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The REALITY of Teaching

” A master can tell you what he expects of you. A teacher, though, awakens your own expectations.” Patricia Neal

In our last class we had a discussion about assessment – does it really matter, do the teachers really care?  Do the students really care?  Is it really important that everyone learn something?  Is passing the mediocre student along an ‘ok’ practice?  Where do you find enough time in the day to assess (and teach) – the ‘right way’ – the way the textbooks, research, and essoterical education department professors preach?

It struck me during this discussion (or should I say reopened the avenue of thought) the reason why more scientific professions find education soft and gushy and generally less worthy of esteem. Education as a practice, they think, has no basis in their day-to-day reality (a valid observation).

And then I opened Sunday’s paper.  Tony Danza of ‘Taxi’ and ‘Who’s the Boss’ fame has taken up teaching for a new reality series, ‘Teach’.  The show’s executive producer states, “Our goal with ‘Teach’ is to highlight and celebrate the rarely seen challenges and unsung achievements of one of the greatest resources our nation has to offer: the public school teacher.” Now I am not a fan AT ALL of reality TV, but this concept is interesting to me – partially because I left class thinking that there are GREAT teachers out there that could NEVER be successful doctors, nurses, or corporate executives, but probably have a LOT to share about good and real teaching.  So the concept of a former actor turning teacher and exposing that story to reality TV viewers is intriguing.  Will this actually raise the esteem of the education profession or just be a ‘Welcome Back Kotter’ on steroids?  My hope for public education is the former.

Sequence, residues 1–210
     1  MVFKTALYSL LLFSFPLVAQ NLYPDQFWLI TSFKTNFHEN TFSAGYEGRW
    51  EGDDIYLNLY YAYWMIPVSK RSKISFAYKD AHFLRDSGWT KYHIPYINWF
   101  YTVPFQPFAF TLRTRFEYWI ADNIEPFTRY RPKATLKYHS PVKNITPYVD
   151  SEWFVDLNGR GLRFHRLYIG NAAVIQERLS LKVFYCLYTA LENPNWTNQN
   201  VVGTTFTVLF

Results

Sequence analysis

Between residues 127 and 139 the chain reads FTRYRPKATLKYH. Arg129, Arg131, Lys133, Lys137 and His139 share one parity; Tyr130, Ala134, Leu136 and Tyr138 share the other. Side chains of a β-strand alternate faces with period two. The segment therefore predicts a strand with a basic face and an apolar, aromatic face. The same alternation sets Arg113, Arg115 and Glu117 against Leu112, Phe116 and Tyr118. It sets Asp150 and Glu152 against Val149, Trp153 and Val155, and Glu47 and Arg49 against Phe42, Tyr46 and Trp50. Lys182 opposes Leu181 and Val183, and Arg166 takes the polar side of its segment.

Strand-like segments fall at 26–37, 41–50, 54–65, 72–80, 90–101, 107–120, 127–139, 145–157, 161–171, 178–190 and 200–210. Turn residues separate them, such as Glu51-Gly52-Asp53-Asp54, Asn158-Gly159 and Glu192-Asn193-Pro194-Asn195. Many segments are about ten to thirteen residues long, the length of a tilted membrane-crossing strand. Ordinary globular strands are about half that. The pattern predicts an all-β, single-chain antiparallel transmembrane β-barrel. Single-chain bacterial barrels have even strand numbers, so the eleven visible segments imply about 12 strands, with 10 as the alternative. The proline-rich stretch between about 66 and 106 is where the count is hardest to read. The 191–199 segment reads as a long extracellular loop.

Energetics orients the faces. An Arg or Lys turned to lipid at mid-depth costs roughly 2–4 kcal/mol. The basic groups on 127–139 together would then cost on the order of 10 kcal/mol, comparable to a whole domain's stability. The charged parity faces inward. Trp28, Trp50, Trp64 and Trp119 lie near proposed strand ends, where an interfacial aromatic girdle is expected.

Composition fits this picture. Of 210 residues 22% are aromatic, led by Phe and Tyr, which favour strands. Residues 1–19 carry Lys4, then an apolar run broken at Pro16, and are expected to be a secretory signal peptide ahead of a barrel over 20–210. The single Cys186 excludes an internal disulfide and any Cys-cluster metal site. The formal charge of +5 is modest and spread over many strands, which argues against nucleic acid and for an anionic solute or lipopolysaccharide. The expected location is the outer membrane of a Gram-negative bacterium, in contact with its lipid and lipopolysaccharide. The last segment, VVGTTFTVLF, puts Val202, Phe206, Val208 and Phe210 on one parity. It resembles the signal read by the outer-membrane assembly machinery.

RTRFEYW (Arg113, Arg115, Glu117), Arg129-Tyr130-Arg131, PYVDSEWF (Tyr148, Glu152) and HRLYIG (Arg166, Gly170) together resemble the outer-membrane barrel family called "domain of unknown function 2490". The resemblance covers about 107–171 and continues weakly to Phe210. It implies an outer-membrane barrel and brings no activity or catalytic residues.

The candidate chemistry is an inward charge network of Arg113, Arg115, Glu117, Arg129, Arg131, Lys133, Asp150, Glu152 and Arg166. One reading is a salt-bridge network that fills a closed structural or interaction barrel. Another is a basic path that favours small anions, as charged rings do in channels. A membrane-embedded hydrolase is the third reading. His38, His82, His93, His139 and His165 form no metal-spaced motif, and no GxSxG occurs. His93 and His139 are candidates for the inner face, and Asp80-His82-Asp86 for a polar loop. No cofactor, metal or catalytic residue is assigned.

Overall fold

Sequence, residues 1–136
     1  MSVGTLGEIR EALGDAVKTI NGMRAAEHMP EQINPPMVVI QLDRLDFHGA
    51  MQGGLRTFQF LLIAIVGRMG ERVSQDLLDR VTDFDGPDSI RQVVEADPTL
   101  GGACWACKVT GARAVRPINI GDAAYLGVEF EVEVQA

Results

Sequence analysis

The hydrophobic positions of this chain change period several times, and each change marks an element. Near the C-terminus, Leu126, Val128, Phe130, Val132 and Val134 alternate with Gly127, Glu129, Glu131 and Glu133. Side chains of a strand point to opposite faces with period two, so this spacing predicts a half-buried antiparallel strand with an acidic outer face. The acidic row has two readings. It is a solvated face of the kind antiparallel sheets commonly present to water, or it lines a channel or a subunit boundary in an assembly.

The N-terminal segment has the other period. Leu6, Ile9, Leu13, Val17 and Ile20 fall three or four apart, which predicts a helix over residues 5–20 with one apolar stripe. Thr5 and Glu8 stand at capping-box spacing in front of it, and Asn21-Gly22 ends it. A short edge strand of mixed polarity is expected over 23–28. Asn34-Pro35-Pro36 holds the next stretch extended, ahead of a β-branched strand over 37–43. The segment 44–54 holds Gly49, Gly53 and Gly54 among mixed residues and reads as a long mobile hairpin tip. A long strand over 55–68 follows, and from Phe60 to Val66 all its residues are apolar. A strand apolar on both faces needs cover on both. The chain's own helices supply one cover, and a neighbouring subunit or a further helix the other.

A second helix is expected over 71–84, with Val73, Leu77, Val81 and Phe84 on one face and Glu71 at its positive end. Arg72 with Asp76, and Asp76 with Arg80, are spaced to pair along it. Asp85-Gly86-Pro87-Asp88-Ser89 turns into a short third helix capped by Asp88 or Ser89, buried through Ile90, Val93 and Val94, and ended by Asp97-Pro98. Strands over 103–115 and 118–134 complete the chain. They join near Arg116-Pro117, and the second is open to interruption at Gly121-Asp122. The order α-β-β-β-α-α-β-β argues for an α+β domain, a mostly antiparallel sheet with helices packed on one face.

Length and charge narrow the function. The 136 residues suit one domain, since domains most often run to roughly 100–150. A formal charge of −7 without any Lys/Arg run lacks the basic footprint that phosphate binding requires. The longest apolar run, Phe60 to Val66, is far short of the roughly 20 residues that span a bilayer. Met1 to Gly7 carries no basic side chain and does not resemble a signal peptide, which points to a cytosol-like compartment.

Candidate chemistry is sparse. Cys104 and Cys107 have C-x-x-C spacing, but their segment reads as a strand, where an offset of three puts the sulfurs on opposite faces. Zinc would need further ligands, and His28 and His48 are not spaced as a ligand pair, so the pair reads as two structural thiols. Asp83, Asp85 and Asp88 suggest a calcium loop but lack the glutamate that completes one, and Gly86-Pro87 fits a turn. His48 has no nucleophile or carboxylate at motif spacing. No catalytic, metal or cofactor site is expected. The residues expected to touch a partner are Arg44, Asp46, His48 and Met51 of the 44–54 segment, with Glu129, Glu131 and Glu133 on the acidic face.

There is booklet produced by the U.S. Department of Education entitled “What to Expect Your First Year of Teaching”    A section of this particular document has comments from first year teachers on what colleges could do to better prepare them for ‘reality.’  The majority of responses do NOT include subject-matter, but include classroom management, developing quality lesson plans, assessment and grading, dealing with personal issues of students, and juggling multiple roles. One teacher wrote, “It would have been ideal for my college to have instituted a mentoring program or to have aided students in establishing cohort groups. The experience of first year teaching can indeed be one of isolation and self-questioning. The opportunity to have had a support group of other graduate students would have provided me with avenues for in-depth discussion and for the brainstorming of ideas. I would also have benefited from learning about the varied experiences that my fellow students were encountering in their clinical and student teaching assignments.”

If the goal of ‘Teach’ truly is to celebrate the rarely seen challenges and unsung achievements, I have to believe Tony Danza is getting some coaching on effective teaching from somewhere.  I don’t think these coaches are from the acting profession.  Those learning to teach adults in the context of any profession should seek, as the first year teacher suggests, cohort groups of effective practicing teachers who can provide the benefit of their experience. Ask them to come and shadow you for a day.  Go and shadow them for a day.  Teachers will benefit from a new perspective of their role in educating beyond the curriculum to prepare for ‘the real-world.’  You will benefit from a new perspective about the ‘reality’ of teaching and best practice ideas for professional use.

“The teacher who is indeed wise does not bid you to enter the house of his wisdom but rather leads you to the threshold of your mind.”

Kahlil Gibran


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